Ian at Createquity has a really great, nuanced look at submission fees for a composing competition. You can find it here.
I know that submission fees for playwriting competitions are the subject of some controversy in the field. The Dramatists Guild, if memory serves, takes a blanket "no" stance towards them. I feel pretty torn. There are lots of organizations out there that are basically scams: they take money for submissions of, say, ten minute plays, and then that submission money goes to pay the winner's purse and, of course, the people from the organization. But winning the competition won't do anything for the writer and the purse is generally small... $200, say.
But then there are organizations that really are playwright service organizations like Bay Area Playwrights or The O'Neill. They have submission fees, and its hard to fault them for it. They have very few sources of revenue beyond donations, being involved with them really can help a playwright's career and they genuinely exist to help writers. Having a fee (and really, $35.00 isn't a lot of money, although if you're applying to a bunch of programs it adds up) helps control the flow of scripts as well and makes sure that applicants are serious about applying.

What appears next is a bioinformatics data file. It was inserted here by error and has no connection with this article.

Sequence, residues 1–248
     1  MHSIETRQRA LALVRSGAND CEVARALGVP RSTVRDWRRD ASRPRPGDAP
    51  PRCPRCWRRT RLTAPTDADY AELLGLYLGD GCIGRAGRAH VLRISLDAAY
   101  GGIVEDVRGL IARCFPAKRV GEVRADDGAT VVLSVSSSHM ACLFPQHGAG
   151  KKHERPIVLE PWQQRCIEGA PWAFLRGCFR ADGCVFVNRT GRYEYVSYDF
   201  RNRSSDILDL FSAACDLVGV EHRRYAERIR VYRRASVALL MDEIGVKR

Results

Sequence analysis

So I'm saying I see both sides of it. I have a feeling I'm going to get some grumpy comments about making money off the backs of writers, who are already underpaid and exploited. And I'm sympathetic to that as well. Perhaps something like in admissions to schools where there's a fee (often a lot steeper), but you can apply for a fee waver would help.